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York University
Kinesiology & Health Science
KINE 2011
Gillian Wu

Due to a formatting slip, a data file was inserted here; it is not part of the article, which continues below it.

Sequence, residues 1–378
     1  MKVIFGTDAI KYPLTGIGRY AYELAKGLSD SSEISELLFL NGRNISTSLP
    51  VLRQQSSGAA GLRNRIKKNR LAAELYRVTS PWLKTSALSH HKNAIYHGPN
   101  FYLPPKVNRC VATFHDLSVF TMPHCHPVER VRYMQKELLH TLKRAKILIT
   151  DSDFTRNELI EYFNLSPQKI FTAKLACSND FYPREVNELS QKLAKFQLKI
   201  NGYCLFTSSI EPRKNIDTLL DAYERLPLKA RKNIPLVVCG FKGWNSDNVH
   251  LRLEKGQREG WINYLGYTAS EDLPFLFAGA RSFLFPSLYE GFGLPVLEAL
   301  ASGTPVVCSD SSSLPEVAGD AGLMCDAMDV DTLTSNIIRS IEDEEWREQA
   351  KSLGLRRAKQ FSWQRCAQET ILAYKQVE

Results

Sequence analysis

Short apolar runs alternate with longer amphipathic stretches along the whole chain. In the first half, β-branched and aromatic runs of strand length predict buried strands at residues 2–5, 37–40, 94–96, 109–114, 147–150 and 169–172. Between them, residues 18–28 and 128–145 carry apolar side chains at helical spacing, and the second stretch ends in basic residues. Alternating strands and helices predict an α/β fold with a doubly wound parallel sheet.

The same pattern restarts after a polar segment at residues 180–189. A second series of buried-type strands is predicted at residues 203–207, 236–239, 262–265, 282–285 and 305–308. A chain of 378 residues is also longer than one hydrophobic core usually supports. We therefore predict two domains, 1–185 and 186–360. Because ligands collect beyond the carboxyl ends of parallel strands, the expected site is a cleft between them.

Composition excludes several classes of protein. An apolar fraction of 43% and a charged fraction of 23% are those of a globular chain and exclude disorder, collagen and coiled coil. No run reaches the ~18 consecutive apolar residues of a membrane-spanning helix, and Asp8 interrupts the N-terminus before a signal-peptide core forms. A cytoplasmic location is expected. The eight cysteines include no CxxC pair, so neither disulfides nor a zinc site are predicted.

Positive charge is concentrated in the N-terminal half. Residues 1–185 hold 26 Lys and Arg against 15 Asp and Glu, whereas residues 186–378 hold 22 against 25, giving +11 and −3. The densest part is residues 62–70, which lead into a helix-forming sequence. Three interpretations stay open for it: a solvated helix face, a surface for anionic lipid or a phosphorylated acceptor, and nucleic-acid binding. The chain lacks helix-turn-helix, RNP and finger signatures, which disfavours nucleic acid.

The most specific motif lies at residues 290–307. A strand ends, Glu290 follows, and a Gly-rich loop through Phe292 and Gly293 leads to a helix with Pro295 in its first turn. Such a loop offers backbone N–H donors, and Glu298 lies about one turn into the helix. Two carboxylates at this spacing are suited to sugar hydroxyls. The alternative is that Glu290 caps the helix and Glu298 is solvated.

Chapter 1 TISSUES 1. Muscle Tissue - skeletal muscle: moves the skeleton - cardiac muscle: pumps blood out of the heart - smooth muscle: encloses and controls movements of contents through hollow tubes and organs, such as the movement of food through the digestive tract 2. Nervous Tissue - Consists of cells specialized for initiating and transmitting electrical impulses - Sometimes over long distances - Signals information from one part of the body to another - Found in the brain, spinal cord and nerves 3. Epithelial Tissue - Consists of cells specialized for exchanging materials between the cell and its environment. - ANY substance that enters of leaves the body must cross an epithelial barrier - 2 general types of structures: epithelial sheets and secretory glands - Join very tightly to form sheets of tissue that cover and line various parts of the body (i.e. outer layer of the skin & lining of the digestive tract) - Epithelial sheets serve as boundaries that separate the body from the external environment and from the contents of cavities that open to the external environment, i.e. the digestive tract lumen - A lumen is a cavity within a hallow organ or tube - Epithelial barriers allow selective transfer of materials 4. Glands - Epithelial tissue derivatives specialized for secreting - Secretion is the release from a cell, in response to appropriate stimulation, of specific products that have been produced by the cell - Formed during embryonic development by pockets of epithelial tissue that dip inward from the surface and develop secretory capabilities - Two categories: exocrine and endocrine - If, during development, the connecting cells between the epithelial surface cells and the secretory gland cells within the depths of the invagination remain intact as a duct between the gland the surface, an exocrine gland is formed. If the connect cells disappear during development and the secretory gland cells are isolated from the surface, an endocrine gland is formed. - Exocrine glands secrete through ducts to the outside of the body (exo means external; crine means secretion). Sweat glands and glands that secrete digestive juices are examples - Endocrine glands lack ducts and release their secretory products known as hormones internally into the blood (endo means internal). For example the pancreas secretes insulin into the blood which transports this hormone. 5. Connective tissue - Relatively few cells dispersed within an abundance of extracellular material - Connective tissue connects, supports, and anchors various body parts - Includes loose connective tissue that attaches epithelial tissue to underlying structures; tendons, which attach skeletal muscles to bones; bone, which gives the body shape, support and protection; and blood, which transports materials from one part of the body to another - Other than blood, cells of connective tissue produce specific structural molecules that they release into the extracellular spaces between the cells. For example, the rubber-band like protein fibre elastin, whose presence facilitates the stretching and recoiling of structures, such as the lungs, which inflate and deflate during breathing. Tissue: to mean the aggression of various cellular and extracellular components that makes up a particular organ (i.e. lung tissue or liver tissue). Body system level are a collection of organs that perform related functions and interact to accomplish a common activity that is essential for survival of the whole body. For example, the digestive system consists of the mouth, salivary glands, pharynx (throat), esophagus, stomach, pancreas, liver, gallbladder, small intestine, and large intestine. - Human body has 11 systems: circulatory, digestive, respiratory, urinary, skeletal, muscular, integumentary, immune, nervous, endocrine and reproductive HOMEOSTATIS - The key is the presence of a watery internal environment with which the body cells are in direct contact and make life-sustaining exchanges. Body Cells - Intracellular fluid (ICF) is the fluid with all body cells - Extracellular fluid (ECF) is the fluid outside the cells; this is the internal environment of the body, the fluid environment in which the cells live. - ECF is made up of two components: plasma (fluid portion of the blood) and interstitial fluid (surrounds and bathes the cell) Body systems – the body cells can live and function only when the extracellular fluid is compatible with their survival; thus, the chemical composition and physical state of this internal environment must be maintained within narrow limits. For example, as cells take up nutrients and oxygen from the internal environment, these essential materials must constantly be replenished. Homeostasis is essential for survival of each cell, and each cell, through its specialized activities, contributes as part of a body system to the maintenance of the internal environment shared by all cells. Cells make up body systems, body systems maintain homeostasis which is essential for survival of all cells. FACTORS HOMEOSTATICALLY REGULATED (See page 10) 1. Concentration of nutrient molecules 2. Concentration of Oxygen and Carbon dioxide 3. Concentration of waste products 4. pH 5. Concentration of water, salt and other electrolytes 6. Volume and pressure 7. Temperature CONTRIBUTIONS OF THE BODY SYSTEMS TO HOMEOSTASIS 1. The circulatory system - Transports materials such as nutrients, oxygen and co2, wastes, electrolytes and hormones from one part of the body to another. - Also helps with thermoregulation by moving heat to the periphery from the core 2. The digestive system - Breaks down dietary food into small nutrient molecules that can be absorbed into the plasma for distribution to the body cells - Transfers water and electrolytes from the external environment into the internal environment - Eliminates undigested food residues to the external environment in the feces 3. The respiratory system - Consists of the lungs and major airways - Receives O2 and eliminates CO2 from the external environment - By adjusting the rate of removal of acid-forming CO2, the respiratory system is also important in maintaining the proper pH of the internal environment 4. The urinary system - Removes excess water, salt, acid and other electrolytes from the plasma and eliminates them in the urine, along with waste products other than Co2. - Includes in the kidneys and associated “plumbing” 5. The skeletal system (bones, joints) - Provides support for the soft tissues and organs - Serves as a storage reservoir for calcium (CA2+), an electrolyte whose plasma concentration must be maintained with very narrow limits. - The bone marrow – the soft interior portion of some types of bone – is the ultimate source of all blood cells 6. The muscular system (skeletal muscles) - Skeletal muscles and skeletal system form the basis of movement - Attach via tendons to bones - Muscles contract – bones move and we walk, grab and jump - In a homeostasis perspective, it allows us to move toward food or away from harm - Heat generated is important for temperature regulation - Voluntary control of muscles – range from the fine motor skills required for delicate needlework to the powerful movements involved in weight lifting, are not necessarily directed towards homeostasis 7. The integumentary system (skin, hair, nails) - Serves as an outer protective barrier that prevents internal fluid from being lost from the body and foreign microorganisms from entering - This system is also important in regulating body temperature - Amount of heat lost from the body surface to the external environment can be adjusted by controlling sweat production and by regulating the flow of warm blood through the skin 8. The immune system (white blood cells, lymphoid organs) - Defends against foreign invaders and body cells that have become cancerous - Also paves the way for repairing or replacing injured or worn-out cells 9. The nervous system (brain, spinal cord, nerves) - 1 of 2 major regulatory systems of the body - Controls and coordinates body activities that require swift responses - Very important in detecting and initiating reactions to changes in the external environment - Responsible for higher functions that are not entirely directed toward maintaining homeostasis such as consciousness, memory and creativity 10. The endocrine system - The other major regulatory system (and a communication system) - Unlike the nervous system (body‟s fast communication system), in general the hormone-secreting glands of the endocrine system regulate activities that require duration rather than speed, such as growth - Important in controlling the concentration of nutrients - Adjusts kidney function to control internal environment‟s volume and electrolyte composition 11. The reproductive system - Is not essential for homeostasis and therefore is not essential for survival of the individual - Essential for perpetuating the species HOMEOSTATIC CONTROL SYSTEMS - a functional interconnected network of body components that operate to maintain a given factor in the internal environment relatively constant around an optimal level To maintain homeostasis the control system must be able to: 1. Detect deviations from normal in the internal environmental factor that needs to be held within narrow limits 2. Integrate this information with any other relevant information 3. Make appropriate adjustments in the activity of the body parts responsible for restoring this factor to its desired value Can be grouped into two classes: intrinsic and extrinsic controls Intrinsic (local) controls – built into or are inherent in an organ Extrinsic controls are regulatory mechanisms initiated outside an organ to alter the activity of the organ. This is accomplished by the nervous and endocrine systems, the two major regulatory systems of the body. Most factors in the internal environment are maintained by extrinsic controls. (Read about negative-feedback control page 16) Negative Feedback – a control system‟s output is regulated to resist change so that the controlled variable is kept at a relatively steady set point. That is, a corrective adjustment opposes the original deviation from the normal desired level. For example, a common example of negative feedback is the control of room temperature. It is a controlled variable, a factor that can very but is held within a narrow range by a control system. Positive feedback – output enhances or amplifies a change so that the controlled variable continues to move in the direction of the initial change. Pathophysiology – abnormal functioning of the body (altered physiology) associated with disease. Chapter 2 Cells are the body‟s living building blocks. Just as the body as a whole is highly organized, so too is a cell‟s interior. A cell has 3 major parts: 1. Plasma membrane encloses the cell. 2. Nucleus, which houses the cell‟s genetic material 3. Cytoplasm, which is organized into discrete, highly specialized organelles dispersed throughout a gel-like liquid, the cytosol. The cytosol is pervaded (encompassed) by a protein scaffolding, the cytoskeleton, that serves as the “bone and muscle” of the cell. The plasma membrane, aka cell membrane, is a very thin membranous structure that encloses each cell. The oily barrier separates the cell‟s contents from its surroundings: it keeps the intracellular fluid (ICF) within the cells from mingling with the extracellular fluid (ECF) outside the cells. The plasma membrane is not simply a mechanical barrier to hold in the contents of the cells: it also has the ability to selectively control movement of molecules between the ICF and ECF. The plasma membrane is like the gated walls that enclosed ancient cities. Through this structure, the cell can control the entry of food and other needed supplies and the export of products manufactured within, while at the same time guarding against unwanted traffic into or out of the cell. NUCLEUS Two major parts of the cell‟s interior are the nucleus and the cytoplasm. The nucleus, which is typically the largest single organized cell component, can be seen as a distinct spherical or oval structure, usually located near the centre of the cell - It is surrounded by a double-layered membrane, the nuclear envelope, which separates the nucleus from the cytoplasm. - The nuclear envelope is pierced by many nuclear pores which allow necessary traffic to move between the nucleus and the cytoplasm - Nucleus houses the cells genetic material, deoxyribonucleic acid (DNA) which has 2 important functions: 1. Directing protein synthesis 2. Serving as a genetic “blueprint” during cell replication 3 types of ribonucleic acid (RNA) play a role in cell protein synthesis. First, DNA‟s genetic code for a particular protein is transcribed into a messenger RNA molecule, which exits the nucleus through the nuclear pores (portholes). Within the cytoplasm, messenger RNA delivers the coded message to the ribosomes, which “read” messenger RNA‟s code and translate it. Ribosomal RNA is an essential component of ribosomes Finally, transfer RNA transfers the appropriate amino acids within the cytoplasm to their designated site in the protein under construction CYTOPLASM - The portion of the cell‟s interior not occupied by the nucleus - Contains a number of distinct, highly organized, membrane-enclosed structures-the organelles dispersed within the ytosol, which is a complex, gel- like liquid. - Nearly half of the total cell volume is occupied by organelles - Nearly all cells contain 6 main types of organelles – the endoplastic reticulum, Golgi complex, lysosomes, peroxisomes, mitochondria, and vaults. - Organelles are like intracellular “specialty shops” CYTOSOL Remainder of the cytoplasm not occupied by organelles consists of the cytosol (“cell liquid”) - The cytosol is made up of a semiliquid, gel-like mass laced with an elaborate protein network known as the cytoskeleton - Cytoskeletal network gives the cell its shape, provides for its internal organization and regulates its various movements - ICF comprises all the fluid contained within the plasma membrane including the cytosol ENDOPLASTIC RETICULUM - Endoplastic reticulum (ER) is an elaborate fluid-filled membranous system distributed extensively throughout the cytosol. - Protein and lipid-assembly line - Smooth ER is meshwork of tiny interconnected tubules, the rough ER projects outward from the smooth ER as stacks of relatively flattened sacs. ROUGH ER - small, dark protein-assemblers (workbenches) called ribosomes, which give the rough ER its granular (rough) appearance - Ribosomes bind to the ER once protein synthesis (assembly begins) - Works with the Golgi Complex to assemble new proteins and get them to their proper destinations; synthesizes and releases a variety of new proteins - Rough ER is most abundant in cells specialized for protein secretion (i.e. cells that secrete digestive enzymes) or in cells that require extensive membrane synthesis (i.e. rapidly growing cells, such as immature egg cells) - When the rough ER synthesizes a protein it cannot pass through the ER membrane and is permanently separated from the cytosol BUT it can do so through the action of the smooth endoplasmic reticulum (the “transporter”). These proteins serve one of two purposes: 1. some proteins are destined for export to the cell‟s exterior as secretory products, such as protein hormones or enzymes (all enzymes are proteins) 2. other proteins are transported to sites within the cell for use in constructing new cellular membrane (either new plasma membrane or new organelle membrane) or other protein components of organelles Smooth ER - Lacks ribosomes so it is “smooth” - No ribosomes = no protein synthesis - Abundant in cells that specialize in lipid metabolism – cells that secrete lipid- derived steroid hormones (i.e. liver) - In the liver, smooth ER contains enzymes to detoxify harmful substances produced within the body by metabolism or substances that enter the body from the outside like drugs - Muscle cells have an elaborate, but modified smooth ER known as the sarcoplasmic reticulum, which stores calcium. Calcium plays an important role in attachment of the myosin head to the actin which facilitates muscle contraction and movement - Rather sparse and serves primarily as a central packaging and discharge site (central shipping) for molecules to be transported from the ER - Newly synthesized proteins and lipids pass from the rough ER to gather in the smooth ER. Portions of the smooth ER then “bud off” on the surface, forming transport vesicles that contain the new molecules enclosed in a spherical capsule of membrane derived from the smooth ER membrane. - Smooth ER is like a seaport where ocean-going ships (vesicles) are sent off to another destination (the Golgi complex) after being loaded with their cargo (protein, lipids) The Golgi complex is closely associated with the endoplasmic reticulum. Each Golgi complex consists of a stack of flattened, slightly curved, membrane-enclosed sacs, or cisternae. The flattened sacs are thin in the middle but have dilated or bulging edges. Transport Vesicles 1. The raw materials are processed into finished products. Within the Golgi complex, the “raw” proteins from the ER are modified into their final form, for example, by having sugar attached to them during glycosylation (a process that links saccharides to produce glycans, either free or attached to proteins and lipids). The biochemical pathways that the proteins undergo during their passage through the Golgi complex are elaborate, precisely programmed, and specific for each final product. 2. The finished products are sorted and directed to their final destinations. The Golgi complex is responsible for sorting and segregating different types of products according to their function and destination, namely products (1) to be secreted to the cell‟s exterior (2) to be used for construction of new plasma membrane, or (3) to be incorporated into other organelles, especially lysosomes. (READ PROCESS pg. 26-29) Secretory Vesicles - Docking marker (like an address on an envelope) - Each vesicle ca